Visit To WinRock – A Short Drive To A Breath Of Fresh Air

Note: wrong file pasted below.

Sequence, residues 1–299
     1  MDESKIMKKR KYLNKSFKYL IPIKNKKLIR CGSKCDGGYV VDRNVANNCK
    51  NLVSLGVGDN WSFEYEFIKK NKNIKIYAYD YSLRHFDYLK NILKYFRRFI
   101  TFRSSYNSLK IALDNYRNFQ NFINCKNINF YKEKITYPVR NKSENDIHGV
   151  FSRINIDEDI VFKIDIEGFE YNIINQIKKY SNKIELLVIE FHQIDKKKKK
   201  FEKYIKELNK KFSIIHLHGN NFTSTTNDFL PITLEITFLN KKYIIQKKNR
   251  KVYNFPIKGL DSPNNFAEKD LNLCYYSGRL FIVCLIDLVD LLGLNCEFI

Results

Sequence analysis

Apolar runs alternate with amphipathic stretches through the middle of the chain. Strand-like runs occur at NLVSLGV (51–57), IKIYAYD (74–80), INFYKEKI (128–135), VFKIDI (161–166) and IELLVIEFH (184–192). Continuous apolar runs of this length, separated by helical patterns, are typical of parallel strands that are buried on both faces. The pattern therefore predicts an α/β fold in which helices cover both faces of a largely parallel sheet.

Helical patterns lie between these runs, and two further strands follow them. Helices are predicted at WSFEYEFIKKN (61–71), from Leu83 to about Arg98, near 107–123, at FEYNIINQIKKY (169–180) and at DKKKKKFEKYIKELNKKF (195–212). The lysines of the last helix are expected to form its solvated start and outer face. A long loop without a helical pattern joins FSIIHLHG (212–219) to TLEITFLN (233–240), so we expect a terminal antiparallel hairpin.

Sherry Guess, Staff Writer.   When a “free day” presents itself, my husband Gary and I are ready to go exploring the Natural State. Since moving here three years ago, we’ve taken every opportunity to find out more about what a wonderful home we have chosen here in Fairfield Bay and the wider area of the state of Arkansas. One Sunday after church, we took off to explore the area around Petit Jean State Park. We’d heard of “WinRock” but were not sure what that really meant. We received a wonderful education at the WinRock Property which had been donated to the University of Arkansas and is a 188 acre campus funded from the Winthrop Rockefeller Charitable Trust. Taking information from their official website is the best way to explain the vision of the Rockefeller family. I quote: ”By integrating the resources and expertise of a statewide university system with the legacy and ideas of Gov. Winthrop Rockefeller, this educational institute and conference center creates an atmosphere where collaboration and change can thrive. The Rockefeller Institute offers a variety of workshops, seminars, public lectures, conferences and special events. Program areas include civic engagement, philanthropy and food security.” We spent about an hour and a half walking through the museum and learned so many interesting facts about Arkansas history and and much more about the man, Winthrop Rockefeller. His life story is incredible in itself, but landing him in Arkansas at all back in the early 50’s was truly remarkable. His contributions in the areas of economics and social policies helped to bring Arkansas into the business arena, encouraging racial equality before the federally mandated Civil Rights Act was passed. He was a champion of the underdog, and fought for equality in all areas of business , education and social avenues. He moved to Arkansas in 1953 and built his home and Winrock Farms on Petit Jean Mountain. Before becoming governor of Arkansas in 1967, Rockefeller served as Chairman of the Arkansas Industrial Development Commission and in doing so, he became familiar with the state’s challenges and its opportunities. Although his intention was not to get into politics, he recognized the needs of the state and ran for governor four times – winning twice and losing twice. As governor, Rockefeller faced issues in the prison system as well as education and government reform. Look it up online at: www.livethelegacy.org or just google Winthrop Rockefeller and you’ll find it. It’s a good daytrip, trust me on that!

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